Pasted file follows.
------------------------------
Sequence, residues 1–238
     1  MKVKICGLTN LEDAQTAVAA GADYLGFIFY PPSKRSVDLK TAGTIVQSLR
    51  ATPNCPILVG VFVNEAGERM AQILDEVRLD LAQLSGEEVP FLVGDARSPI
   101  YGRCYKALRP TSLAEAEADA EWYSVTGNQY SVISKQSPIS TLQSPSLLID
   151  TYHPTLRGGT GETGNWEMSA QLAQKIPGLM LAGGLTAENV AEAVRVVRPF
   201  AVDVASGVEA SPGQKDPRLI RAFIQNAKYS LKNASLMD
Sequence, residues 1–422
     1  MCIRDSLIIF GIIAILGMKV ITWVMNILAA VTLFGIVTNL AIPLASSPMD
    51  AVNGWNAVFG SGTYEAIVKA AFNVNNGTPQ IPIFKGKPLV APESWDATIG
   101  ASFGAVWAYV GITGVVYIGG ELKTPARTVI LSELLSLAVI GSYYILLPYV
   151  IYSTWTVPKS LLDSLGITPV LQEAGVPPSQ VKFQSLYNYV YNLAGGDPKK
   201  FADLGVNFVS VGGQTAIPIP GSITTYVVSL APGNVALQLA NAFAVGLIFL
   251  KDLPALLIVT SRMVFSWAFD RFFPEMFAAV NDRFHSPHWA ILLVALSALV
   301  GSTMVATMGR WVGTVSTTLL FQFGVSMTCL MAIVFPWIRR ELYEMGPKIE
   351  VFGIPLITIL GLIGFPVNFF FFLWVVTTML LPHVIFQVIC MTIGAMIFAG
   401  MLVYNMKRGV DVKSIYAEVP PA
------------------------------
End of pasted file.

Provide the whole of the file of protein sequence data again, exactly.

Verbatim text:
Sequence, residues 1–238
     1  MKVKICGLTN LEDAQTAVAA GADYLGFIFY PPSKRSVDLK TAGTIVQSLR
    51  ATPNCPILVG VFVNEAGERM AQILDEVRLD LAQLSGEEVP FLVGDARSPI
   101  YGRCYKALRP TSLAEAEADA EWYSVTGNQY SVISKQSPIS TLQSPSLLID
   151  TYHPTLRGGT GETGNWEMSA QLAQKIPGLM LAGGLTAENV AEAVRVVRPF
   201  AVDVASGVEA SPGQKDPRLI RAFIQNAKYS LKNASLMD
Sequence, residues 1–422
     1  MCIRDSLIIF GIIAILGMKV ITWVMNILAA VTLFGIVTNL AIPLASSPMD
    51  AVNGWNAVFG SGTYEAIVKA AFNVNNGTPQ IPIFKGKPLV APESWDATIG
   101  ASFGAVWAYV GITGVVYIGG ELKTPARTVI LSELLSLAVI GSYYILLPYV
   151  IYSTWTVPKS LLDSLGITPV LQEAGVPPSQ VKFQSLYNYV YNLAGGDPKK
   201  FADLGVNFVS VGGQTAIPIP GSITTYVVSL APGNVALQLA NAFAVGLIFL
   251  KDLPALLIVT SRMVFSWAFD RFFPEMFAAV NDRFHSPHWA ILLVALSALV
   301  GSTMVATMGR WVGTVSTTLL FQFGVSMTCL MAIVFPWIRR ELYEMGPKIE
   351  VFGIPLITIL GLIGFPVNFF FFLWVVTTML LPHVIFQVIC MTIGAMIFAG
   401  MLVYNMKRGV DVKSIYAEVP PA